Market structure can be defined as a group of industries characterised by number of buyers and sellers in the market, level and type of competition, degree of differentiation in products and entry and exit of organisations from the market. The study of market structure helps organisations in understanding the functioning of different firms under different circumstances.
In economics, Market failure occurs when there is an imbalance in the quantity of a product demanded and supplied, which leads to an inefficient allocation of resources. These failures can occur due to a variety of reasons, such as the existence of externalities, public goods and incomplete information.
Revenue is the total amount of money received by an organisation in return of the goods sold or services provided during a given time period. In other words, revenue of a firm refers to the amount received by the firm from the sale of a given quantity of a commodity in the market.
Long run cost refers to the time period in which all factors of production are variable. Long-run costs are incurred by a firm when production levels change over time. In the long run, the factors of production may be utilised in changing proportions to produce a higher level of output. In such a case, the firm may not only hire more workers, but also expand its plant size, or set up a new plant to produce the desired output.
Economies of scale refer, as a firm expands its production capacity, the efficiency of production also increases. It is able to draw more output per unit of input, leading to low average total costs. Diseconomies of scale refer to the disadvantages that arise due to the expansion of a firm’s capacity leading to a rise in the average cost of production.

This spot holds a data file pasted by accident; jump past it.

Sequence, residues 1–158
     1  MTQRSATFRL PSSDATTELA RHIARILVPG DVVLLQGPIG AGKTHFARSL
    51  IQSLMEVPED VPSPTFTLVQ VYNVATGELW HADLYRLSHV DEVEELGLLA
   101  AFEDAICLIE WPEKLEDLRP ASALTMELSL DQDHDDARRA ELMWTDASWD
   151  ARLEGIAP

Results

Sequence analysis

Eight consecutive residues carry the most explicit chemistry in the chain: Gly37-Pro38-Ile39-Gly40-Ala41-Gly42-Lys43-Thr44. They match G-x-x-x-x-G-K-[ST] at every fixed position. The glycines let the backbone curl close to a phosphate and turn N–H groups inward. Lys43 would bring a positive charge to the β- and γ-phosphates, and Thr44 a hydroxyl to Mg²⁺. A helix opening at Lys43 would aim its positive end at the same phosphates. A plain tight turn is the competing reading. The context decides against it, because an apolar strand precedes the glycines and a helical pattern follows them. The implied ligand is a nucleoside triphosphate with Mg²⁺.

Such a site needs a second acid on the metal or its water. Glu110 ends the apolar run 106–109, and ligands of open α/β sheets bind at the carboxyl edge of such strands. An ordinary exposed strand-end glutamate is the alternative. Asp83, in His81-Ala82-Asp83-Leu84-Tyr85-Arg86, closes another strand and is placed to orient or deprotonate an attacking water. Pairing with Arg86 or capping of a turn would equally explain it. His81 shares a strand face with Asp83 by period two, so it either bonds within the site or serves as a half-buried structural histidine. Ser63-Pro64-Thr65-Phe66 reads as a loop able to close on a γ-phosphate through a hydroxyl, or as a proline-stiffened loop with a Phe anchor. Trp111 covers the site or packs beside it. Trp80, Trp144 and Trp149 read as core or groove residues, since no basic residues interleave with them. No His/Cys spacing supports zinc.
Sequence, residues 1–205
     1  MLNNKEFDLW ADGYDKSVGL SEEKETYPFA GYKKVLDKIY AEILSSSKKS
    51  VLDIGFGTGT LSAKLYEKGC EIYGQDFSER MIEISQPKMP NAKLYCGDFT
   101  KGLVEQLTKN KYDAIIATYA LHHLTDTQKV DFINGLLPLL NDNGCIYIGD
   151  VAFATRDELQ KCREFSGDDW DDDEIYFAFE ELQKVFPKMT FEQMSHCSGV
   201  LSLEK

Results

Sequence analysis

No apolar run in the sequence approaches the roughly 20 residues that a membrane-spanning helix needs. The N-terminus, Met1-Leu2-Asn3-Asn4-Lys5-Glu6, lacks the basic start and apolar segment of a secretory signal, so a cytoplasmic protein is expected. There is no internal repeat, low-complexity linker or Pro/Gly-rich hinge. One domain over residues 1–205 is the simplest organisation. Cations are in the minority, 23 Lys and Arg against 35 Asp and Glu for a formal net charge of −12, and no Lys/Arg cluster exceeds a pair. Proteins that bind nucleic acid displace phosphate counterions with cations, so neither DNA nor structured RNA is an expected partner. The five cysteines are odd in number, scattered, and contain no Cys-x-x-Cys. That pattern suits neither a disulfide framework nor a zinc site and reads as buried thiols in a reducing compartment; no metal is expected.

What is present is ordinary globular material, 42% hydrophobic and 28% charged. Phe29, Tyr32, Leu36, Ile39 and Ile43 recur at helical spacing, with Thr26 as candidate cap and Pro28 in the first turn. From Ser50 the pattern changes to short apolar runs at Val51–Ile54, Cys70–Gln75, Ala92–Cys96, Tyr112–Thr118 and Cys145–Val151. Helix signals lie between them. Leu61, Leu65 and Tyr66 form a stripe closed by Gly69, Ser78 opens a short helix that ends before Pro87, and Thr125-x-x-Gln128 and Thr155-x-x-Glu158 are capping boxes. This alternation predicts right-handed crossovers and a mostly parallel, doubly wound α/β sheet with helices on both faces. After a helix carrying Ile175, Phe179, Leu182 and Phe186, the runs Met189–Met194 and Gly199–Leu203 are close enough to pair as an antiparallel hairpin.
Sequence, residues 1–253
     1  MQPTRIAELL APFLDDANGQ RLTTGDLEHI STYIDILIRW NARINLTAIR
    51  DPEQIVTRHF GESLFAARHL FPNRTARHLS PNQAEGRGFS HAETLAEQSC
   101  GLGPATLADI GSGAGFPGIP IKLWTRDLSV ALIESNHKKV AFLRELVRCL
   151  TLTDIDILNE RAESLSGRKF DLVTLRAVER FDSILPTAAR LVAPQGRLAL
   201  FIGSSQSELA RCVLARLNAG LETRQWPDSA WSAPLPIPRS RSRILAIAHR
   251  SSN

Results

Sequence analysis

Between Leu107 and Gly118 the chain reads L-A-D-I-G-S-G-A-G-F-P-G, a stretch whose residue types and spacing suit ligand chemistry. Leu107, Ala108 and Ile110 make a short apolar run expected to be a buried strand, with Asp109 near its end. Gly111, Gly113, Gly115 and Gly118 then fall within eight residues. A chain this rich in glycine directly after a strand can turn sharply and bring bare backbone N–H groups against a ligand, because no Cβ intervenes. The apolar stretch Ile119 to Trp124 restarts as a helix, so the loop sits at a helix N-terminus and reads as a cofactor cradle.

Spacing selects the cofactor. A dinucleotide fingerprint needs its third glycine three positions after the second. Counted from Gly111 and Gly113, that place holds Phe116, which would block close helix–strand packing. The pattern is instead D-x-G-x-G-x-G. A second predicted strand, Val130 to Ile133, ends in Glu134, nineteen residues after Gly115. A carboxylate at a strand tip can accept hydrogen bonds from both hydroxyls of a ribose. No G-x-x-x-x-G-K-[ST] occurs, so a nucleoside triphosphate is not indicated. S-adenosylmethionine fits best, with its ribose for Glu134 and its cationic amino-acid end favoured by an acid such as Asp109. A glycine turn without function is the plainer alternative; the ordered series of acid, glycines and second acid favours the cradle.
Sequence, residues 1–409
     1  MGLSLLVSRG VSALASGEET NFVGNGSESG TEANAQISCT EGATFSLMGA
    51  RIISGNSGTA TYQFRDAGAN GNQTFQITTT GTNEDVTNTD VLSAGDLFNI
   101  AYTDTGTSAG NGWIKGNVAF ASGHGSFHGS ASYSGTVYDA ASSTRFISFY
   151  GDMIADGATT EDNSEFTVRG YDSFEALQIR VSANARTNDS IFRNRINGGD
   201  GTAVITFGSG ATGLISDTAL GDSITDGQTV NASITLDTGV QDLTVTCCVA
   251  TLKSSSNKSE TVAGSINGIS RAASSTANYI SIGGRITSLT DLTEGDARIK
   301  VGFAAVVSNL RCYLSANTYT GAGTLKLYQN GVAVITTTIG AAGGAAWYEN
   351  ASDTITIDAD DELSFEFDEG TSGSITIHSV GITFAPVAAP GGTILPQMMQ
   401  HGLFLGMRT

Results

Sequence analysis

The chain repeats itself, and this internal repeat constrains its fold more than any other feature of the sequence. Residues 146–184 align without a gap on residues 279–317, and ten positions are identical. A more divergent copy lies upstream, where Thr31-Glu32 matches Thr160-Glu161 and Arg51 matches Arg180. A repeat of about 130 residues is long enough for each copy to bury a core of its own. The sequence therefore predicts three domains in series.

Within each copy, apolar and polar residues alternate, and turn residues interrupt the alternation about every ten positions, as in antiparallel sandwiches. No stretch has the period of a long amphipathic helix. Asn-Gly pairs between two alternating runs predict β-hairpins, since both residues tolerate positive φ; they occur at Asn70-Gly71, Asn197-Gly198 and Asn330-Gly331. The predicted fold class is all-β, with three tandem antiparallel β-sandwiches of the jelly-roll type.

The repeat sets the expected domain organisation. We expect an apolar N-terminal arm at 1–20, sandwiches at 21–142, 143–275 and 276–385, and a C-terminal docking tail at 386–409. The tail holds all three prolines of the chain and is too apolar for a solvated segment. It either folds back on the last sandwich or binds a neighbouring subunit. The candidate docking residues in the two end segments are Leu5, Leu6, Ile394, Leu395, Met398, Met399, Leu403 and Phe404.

A short-run period refers to a certain period of time where at least one input is fixed while others are variable. In the short-run period, an organisation cannot change the fixed factors of production, such as capital, factory buildings, plant and equipment, etc. However, the variable costs, such as raw material, employee wages, etc., change with the level of output.
While computing the total cost of production, there are several types of costs that an organisation needs to consider apart from those involved in the procurement of raw material, labour and capital. 10 Types of Costs - Opportunity, Explicit, Implicit, Accounting, Economic, Business, Full, Fixed, Variable, Incremental.
There are different types of production functions that can be classified according to the degree of substitution of one input by the other. 3 Types of Production Functions: Cobb Douglas, Leontief and constant elasticity substitution (CES) production function.
Production function can be defined as a technological relationship between the physical inputs and physical output of the organisation. It is a statement of the relationship between a firm’s scarce resources and the output that results from the use of these resources.
Production Possibility Curve (PPC) is a curve that shows the alternative combinations of two goods and services by using all the available factor resources, efficiently. In economics, the Production Possibility Curve provides an overview of the maximum output of a good.